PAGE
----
A former senior intelligence officer at Iran’s Ministry of Intelligence once described to me Tehran’s diplomatic style with the West as “tractor-trailer diplomacy.”
“Give us what we demand, or we’ll blow up something of yours with a truck-full of explosives, or take a hostage, or whatever else it might take,” said the former officer, now a defector living in Germany. Then he went on to list the instances where the West had relented against Iran’s misconduct, dropped charges, deported individuals accused or guilty of crimes in Europe to the custody of Iran — in essence, rewarded the rogue behavior.
Which is how Iran successfully conducted “tractor-trailer diplomacy” again this week. Last July, Iranian officials arrested Clotilde Reiss, a young French student in Tehran who subsequently confessed, like so many other prisoners, to charges of espionage. From the staggering heap of spies caught in Iran since June 2009 — whose numbers far surpass the amount of intelligence that could possibly exist for gathering — the French spy was picked to be freed. Her two five-year sentences were commuted for the price of three billion rials and one man. The relatives of Reiss supplied the three billion, and President Sarkozy supplied the man: Ali Vakili Rad — the assassin of Iran’s former prime minister, Shapour Bakhtiar.
If the mark of Europe’s great civilization is its rule of law, Tehran’s clerics have successfully exposed, time and again, the many imperfections of that civilization by forcing Europe to break that rule by allowing them to be above it. In a September 2009 interview, when asked if he would ever consider releasing Prime Minister Bakhtiar’s assassin to Iran, Sarkozy cast an indignant look at his interviewer and replied adamantly: “No!” in rejection of what he called “blackmail.”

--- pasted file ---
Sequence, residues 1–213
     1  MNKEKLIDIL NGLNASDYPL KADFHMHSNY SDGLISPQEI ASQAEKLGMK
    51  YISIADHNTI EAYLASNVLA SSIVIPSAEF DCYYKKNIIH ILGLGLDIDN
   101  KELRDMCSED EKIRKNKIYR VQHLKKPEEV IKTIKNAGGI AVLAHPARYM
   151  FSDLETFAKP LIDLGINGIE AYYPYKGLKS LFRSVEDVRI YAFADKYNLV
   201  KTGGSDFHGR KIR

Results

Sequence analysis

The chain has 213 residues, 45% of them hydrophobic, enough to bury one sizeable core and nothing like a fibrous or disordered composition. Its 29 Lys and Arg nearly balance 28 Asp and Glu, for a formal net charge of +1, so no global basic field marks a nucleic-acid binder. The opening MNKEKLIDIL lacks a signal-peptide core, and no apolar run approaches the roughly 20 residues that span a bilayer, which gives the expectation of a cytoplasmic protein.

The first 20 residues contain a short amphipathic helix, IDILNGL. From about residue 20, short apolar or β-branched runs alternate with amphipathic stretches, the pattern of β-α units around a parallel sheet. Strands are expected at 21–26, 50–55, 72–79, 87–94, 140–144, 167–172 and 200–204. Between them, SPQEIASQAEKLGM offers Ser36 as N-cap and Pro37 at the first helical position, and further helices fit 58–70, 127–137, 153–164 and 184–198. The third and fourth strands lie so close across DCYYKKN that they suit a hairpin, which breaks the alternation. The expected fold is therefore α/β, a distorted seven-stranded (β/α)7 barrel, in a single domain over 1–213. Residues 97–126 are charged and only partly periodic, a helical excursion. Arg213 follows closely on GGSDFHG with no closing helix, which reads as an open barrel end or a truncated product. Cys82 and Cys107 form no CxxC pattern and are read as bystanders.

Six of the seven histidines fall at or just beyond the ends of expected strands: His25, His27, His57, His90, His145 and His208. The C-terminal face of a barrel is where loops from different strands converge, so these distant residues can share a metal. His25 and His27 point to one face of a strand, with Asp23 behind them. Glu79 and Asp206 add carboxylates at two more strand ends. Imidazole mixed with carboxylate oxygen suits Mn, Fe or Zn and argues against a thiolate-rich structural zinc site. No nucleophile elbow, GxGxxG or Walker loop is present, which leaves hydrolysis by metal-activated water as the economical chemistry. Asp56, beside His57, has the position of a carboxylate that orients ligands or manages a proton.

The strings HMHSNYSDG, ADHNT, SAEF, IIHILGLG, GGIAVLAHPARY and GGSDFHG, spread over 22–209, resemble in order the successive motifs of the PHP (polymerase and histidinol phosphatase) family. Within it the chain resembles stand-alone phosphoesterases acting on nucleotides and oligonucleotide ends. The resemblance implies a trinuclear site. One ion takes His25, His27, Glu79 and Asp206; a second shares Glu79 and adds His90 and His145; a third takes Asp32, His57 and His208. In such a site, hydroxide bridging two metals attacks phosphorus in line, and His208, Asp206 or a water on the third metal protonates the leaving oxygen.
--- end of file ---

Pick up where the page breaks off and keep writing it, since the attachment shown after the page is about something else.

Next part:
Less than a year later, the presidential “no” turned into “yes,” blackmail mere bartering, and Sarkozy, Europe’s most staunch opponent of Iran, relented, as have so many of his predecessors in France and elsewhere since 1979. François Mitterrand, citing “national interest” had also released the Lebanese assassin who first attempted to kill Prime Minister Bakhtiar in 1981. When the beloved leader of Iran’s Democratic Party of Kurdistan and two of his deputies were assassinated in Vienna in 1989, the Austrian police worked tirelessly to finally arrest one of the killers, only to watch Austrian politicians escort their prisoner to the airport to return him to Tehran. Just as Germany, in December 2008, deported two prisoners sentenced to life on charges of a similar assassination within weeks after Iran released another “spy,” a German tourist named Donald Klein, who had been arrested while fishing in Iranian waters. And the list goes on.
Scores of Iranian exiles have been killed throughout Europe, yet Europe, in defiance of the US, or in loyalty to its own trade interests, has allowed Iran to breathe new life into the cliché “get away with murder.”
Is there any wonder, then, why Europe’s Middle Eastern immigrants resist assimilation? Over and over again, Europe has shown that not all murders are equally punishable and that some victims are more expendable than others. If the laws that are to be absolute bend and make exceptions for one group, for Iranians in these cases, why should any group of newcomers in Europe ever trust those laws or swear allegiance to those constitutions?